Ten More Lessons from Ten Years

December 27, 2023

Last week, I shared 10 things I wish I knew when I became a millionaire at 33.

One of our sayings in the fighter squadron was, “Criticism keeps us alive.” When debriefing a flight, we wouldn’t focus on the things we did well, because that was the standard. We would pick apart every little misstep in order to improve for the next flight.

And there is definite value in holding that line.

But often, as entrepreneurs, we can be so focused on improving, learning, and iteration that we forget to celebrate the wins and the things we did well. We forget that there can be as much learning from the things that went right as from the things that didn’t.

So in that spirit, here are 10 things that I’m proud of from the early days that served me well:

1. Experiences > things.

While my friends know I do love my luxuries, I had a nearly unlimited budget for adventures. Surf trips, heli-skiing, epic family vacations, I experienced an incredible amount in my 30s and I’m glad I did. I said yes to almost anything that I thought might create a memory that would last a lifetime. As an old mentor used to say, “They can’t repossess a good time.”

2. Family is the most important thing you can invest in.

I saw a lot of peers burning the candle at both ends, sacrificing for a future outcome that wasn’t guaranteed. Hustle culture is a trap, full stop. I was deeply involved in raising my children from birth, and I was known as the dad pushing the kids in the stroller at 2 in the afternoon. They grow up fast and I’ll always cherish those memories.

3. Your integrity is your most valuable asset.

In those days a lot of folks in my industry played it fast and loose. Our motto was that we would never put investors in a deal that we wouldn’t buy ourselves. And while that may have slowed us down a bit, we created lasting relationships, and those same relationships paid untold dividends when things slowed down.

4. I hired the people I loved.

I built my company with my best friend and we hired my two brothers because those are the people that I wanted to do life with. I loved going to work every day, and our office was often filled with laughter. I often look back on those days as some of the best. For deeper insight into building a business with friends and family, I talked about it at length in my episode of My First Million.

5. There are no emergencies in business.

This was our motto because my business partner and I flew jets in combat, and nothing about business compared to the stress of getting shot at. When others were losing their heads over a deal not closing, we carried a certain calm that only the experience of life and death brings. Trust me, it can wait until Monday.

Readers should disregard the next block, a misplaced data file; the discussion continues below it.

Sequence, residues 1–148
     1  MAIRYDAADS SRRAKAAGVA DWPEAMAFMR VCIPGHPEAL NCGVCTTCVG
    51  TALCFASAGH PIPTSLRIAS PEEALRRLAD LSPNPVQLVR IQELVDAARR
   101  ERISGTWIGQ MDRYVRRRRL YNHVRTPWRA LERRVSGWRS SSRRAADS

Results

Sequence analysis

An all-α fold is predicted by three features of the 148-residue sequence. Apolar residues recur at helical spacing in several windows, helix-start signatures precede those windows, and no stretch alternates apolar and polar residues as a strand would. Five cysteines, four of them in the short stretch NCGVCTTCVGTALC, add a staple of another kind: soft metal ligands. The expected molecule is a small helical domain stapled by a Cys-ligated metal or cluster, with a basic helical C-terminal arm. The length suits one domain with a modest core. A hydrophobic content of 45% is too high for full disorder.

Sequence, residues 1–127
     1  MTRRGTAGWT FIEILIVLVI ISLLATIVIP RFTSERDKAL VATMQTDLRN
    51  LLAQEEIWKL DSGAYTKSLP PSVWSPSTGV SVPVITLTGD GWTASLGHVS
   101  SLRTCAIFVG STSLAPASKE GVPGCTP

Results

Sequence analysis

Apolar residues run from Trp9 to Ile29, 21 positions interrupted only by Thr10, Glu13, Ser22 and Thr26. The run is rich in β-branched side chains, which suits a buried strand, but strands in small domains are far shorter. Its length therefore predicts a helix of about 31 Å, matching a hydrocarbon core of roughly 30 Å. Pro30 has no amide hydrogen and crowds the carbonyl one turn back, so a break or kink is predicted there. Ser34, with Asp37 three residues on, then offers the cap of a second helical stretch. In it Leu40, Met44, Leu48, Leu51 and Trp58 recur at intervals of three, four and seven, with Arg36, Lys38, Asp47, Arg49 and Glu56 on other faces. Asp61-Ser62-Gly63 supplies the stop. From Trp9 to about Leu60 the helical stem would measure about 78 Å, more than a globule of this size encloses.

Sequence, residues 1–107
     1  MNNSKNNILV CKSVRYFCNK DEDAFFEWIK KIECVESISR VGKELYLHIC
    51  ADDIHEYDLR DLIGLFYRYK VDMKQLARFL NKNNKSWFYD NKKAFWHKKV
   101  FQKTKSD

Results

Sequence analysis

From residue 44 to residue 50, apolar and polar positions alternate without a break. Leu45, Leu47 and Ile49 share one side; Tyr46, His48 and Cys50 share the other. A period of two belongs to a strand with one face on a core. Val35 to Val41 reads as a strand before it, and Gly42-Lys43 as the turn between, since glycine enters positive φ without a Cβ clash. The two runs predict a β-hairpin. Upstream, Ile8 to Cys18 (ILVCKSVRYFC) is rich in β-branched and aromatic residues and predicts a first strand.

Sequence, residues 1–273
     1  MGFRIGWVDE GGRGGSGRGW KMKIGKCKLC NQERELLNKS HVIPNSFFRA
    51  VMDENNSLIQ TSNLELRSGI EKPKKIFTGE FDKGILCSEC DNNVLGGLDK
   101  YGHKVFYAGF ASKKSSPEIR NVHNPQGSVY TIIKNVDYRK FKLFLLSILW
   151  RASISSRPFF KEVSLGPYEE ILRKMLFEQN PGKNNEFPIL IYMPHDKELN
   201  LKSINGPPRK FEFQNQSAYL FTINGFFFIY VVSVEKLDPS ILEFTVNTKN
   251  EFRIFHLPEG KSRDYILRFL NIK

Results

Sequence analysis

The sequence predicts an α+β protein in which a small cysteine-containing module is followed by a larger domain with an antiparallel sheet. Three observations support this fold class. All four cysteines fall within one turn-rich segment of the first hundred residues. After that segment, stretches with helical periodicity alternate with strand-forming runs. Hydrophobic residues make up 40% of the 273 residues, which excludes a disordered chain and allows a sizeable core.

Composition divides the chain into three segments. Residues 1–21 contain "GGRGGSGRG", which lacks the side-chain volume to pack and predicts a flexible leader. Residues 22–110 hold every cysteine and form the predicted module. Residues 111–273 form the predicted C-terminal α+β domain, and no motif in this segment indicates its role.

6. Don’t be afraid to defy convention.

Because I felt like an outsider, I brought a certain rebel energy to the oil business and it served me well. If things had always been done a certain way, that was the place I looked to shake things up. This allowed us to be first movers in what would wind up being one of the most prolific areas of the Permian. The bulk of our wealth was generated from that one single bold decision.

7. Give selflessly.

I wasn’t afraid to donate to causes that I cared about. This led to me being an early investor in psychedelic medicine for veterans and to this day this is one of the things I’m most proud of. I often talk about using our wealth to serve our values, and I can’t think of a better example than investing in areas that change lives at scale.

8. Constantly seek growth. No one has it all figured out.

I found personal development in my mid-thirties, and needless to say, my life took a very different path. I’m deeply grateful for the opportunity to learn from some of the best coaches on the planet. I wouldn’t be where I am today without their guidance. When we find success, especially if it seemingly comes easily, we can fall into the trap of Midas Touch Syndrome. Finding someone who can challenge your deeply held beliefs is the true gold.

9. Always bet on yourself.

Through all the trials and tribulations, we were never afraid to swing for the fences and bet on ourselves. We always said we were buying call options on ourselves. This helped me cultivate a deep sense of self-trust that I rely on today.

10. Enjoy the ride.

There will always be more money to be made, new business opportunities, and new technologies to learn. But there will never be another first business. The personal growth, the sleepless nights, the mistakes, I’m deeply grateful for all of it. What a wild ride.

It really is all about the journey,


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